Inflation Bites as Australians Say They’re Paying More for Groceries: New Survey

With inflation resulting in higher prices, the average amount Autralians are paying at the checkout has risen significantly in 2022
Last updated on January 12th, 2024
  Written by 
Adrian Edlington
Adrian Edlington is PR & Communications Manager at Savvy. With a keen interest in personal finance, car loans, the mortgage industry, cost of living pressures, electric vehicles and renewable technology, Adrian's research includes conducting primary data surveys and analysis of up-to-the-minute secondary Australian data sources. His work on behalf of Savvy has been featured on The Conversation, the Sydney Morning Herald, AFR,, The Age, Herald Sun, Adelaide Now, SBS On The Money, 7News, Car Expert, Which Car, and more. In his spare time, Adrian enjoys mountain biking and business podcasts.
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Australian woman choosing green vegetables at the supermarket veggie section

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Savvy's second 2022 cost of living survey, of 1003 Australians, learns what impact inflation and higher prices are having at the checkout. 

  • 33% of those surveyed said their grocery bills have increased by between 11-20%
  • Average cost of a grocery shop estimated at $168.50
  • 21% of women say their grocery bill has increased by between 21-30%
  • Prices set to rise again on 27th of July
Australian woman choosing green vegetables at the supermarket veggie section

Another survey on the cost of living commissioned by Savvy has revealed that half of Australians are paying between 11 and 30% more for their groceries since the start of 2022.

The survey of 1,003 respondents showed that 30% of participants said the cost of their grocery shop has increased by 6-10% since the beginning of this year.

33% say that their grocery bills have increased by 11-20%, while 17% say that their bills have surged by a whopping 21-30%.

21% of women say their grocery shop has increased by between 21%-30%, while only 12% of men reported the same.

The average cost of a weekly grocery shop, when meat, vegetables, dairy, bakery, frozen foods, beverages, and staples such as rice and flour are considered, is $168.50; rising to $189.10 when alcohol is added to the mix.

Inflation Bites as Australians Say They’re Paying More for Groceries: New Survey InfographicInflation Bites as Australians Say They’re Paying More for Groceries: New Survey Infographic

Grocery prices have surged amid a general 5.1% inflation in the economy.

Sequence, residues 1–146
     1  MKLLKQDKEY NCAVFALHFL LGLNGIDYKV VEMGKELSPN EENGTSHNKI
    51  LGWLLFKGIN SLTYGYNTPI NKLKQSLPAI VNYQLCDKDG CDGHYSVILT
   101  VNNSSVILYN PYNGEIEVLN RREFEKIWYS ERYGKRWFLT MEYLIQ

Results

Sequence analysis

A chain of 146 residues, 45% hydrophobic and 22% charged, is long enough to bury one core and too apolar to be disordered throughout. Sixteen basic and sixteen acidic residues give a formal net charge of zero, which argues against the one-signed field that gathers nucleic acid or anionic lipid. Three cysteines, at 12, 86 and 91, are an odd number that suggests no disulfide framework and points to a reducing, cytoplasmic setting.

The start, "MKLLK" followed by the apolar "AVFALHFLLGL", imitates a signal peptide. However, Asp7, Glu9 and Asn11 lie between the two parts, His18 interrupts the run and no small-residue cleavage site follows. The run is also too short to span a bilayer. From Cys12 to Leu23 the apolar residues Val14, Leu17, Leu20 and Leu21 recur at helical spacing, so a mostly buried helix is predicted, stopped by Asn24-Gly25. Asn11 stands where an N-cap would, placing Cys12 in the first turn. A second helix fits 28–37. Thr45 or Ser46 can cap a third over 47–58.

Some fruits and vegetable prices have skyrocketed due to a “perfect storm” of low planting rates and frosty temperatures. Heads of iceberg lettuce have been seen to sell for $11.99 – well above the $2.80 average.

The peak body for Australian produce, AUSVEG says that fruit and vegetable prices have more than doubled due to a similar uptick in the costs of production.


Prices are set to rise once again from 27th July, prompted by a 50 point inflation rate rise due this week, according to Daily Mail Australia.

This is due to an unprecedented level of price rise requests – five times the usual rate – from suppliers, according to Coles Group CEO Steven Cain, as told to the Australian.

Pressure on Australian families is only set to grow as the RBA increased the official cash rate by 0.5%p.a to 1.35%p.a this Tuesday.

Economists have indicated that the cash rate will likely hover around 2.5%p.a. by the end of this year.

More than one million Australians are relying on Foodbank services to feed their families, according to The New Daily.

Graph showing how much Australian's grocery bill had increased in 2022

Bill Tsouvalas, Savvy Managing Director & personal finance expert;

“These are families with jobs – and they are struggling to get food on the table,” says Bill Tsouvalas, CEO of Savvy. “With so many people saying that their grocery bills are rising, the most vulnerable among us no longer have food security. This is unprecedented in a so called ‘bread basket’ country such as ours. The worry is that Australians are taking on higher levels of unsustainable debt in the form of payday loans or credit cards, which only serves to kick the can down the road. It’s not a long-term solution. For some, a sensible option would be to consider a debt consolidation loan.”

If you are experiencing acute mental stress due to finances, contact Beyond Blue on 1300 22 4636 or Lifeline on 131 114.

For more information, contact Adrian Edlington – [email protected]


Savvy – 2022 Cost of Living Survey – 2 (n = 1003)

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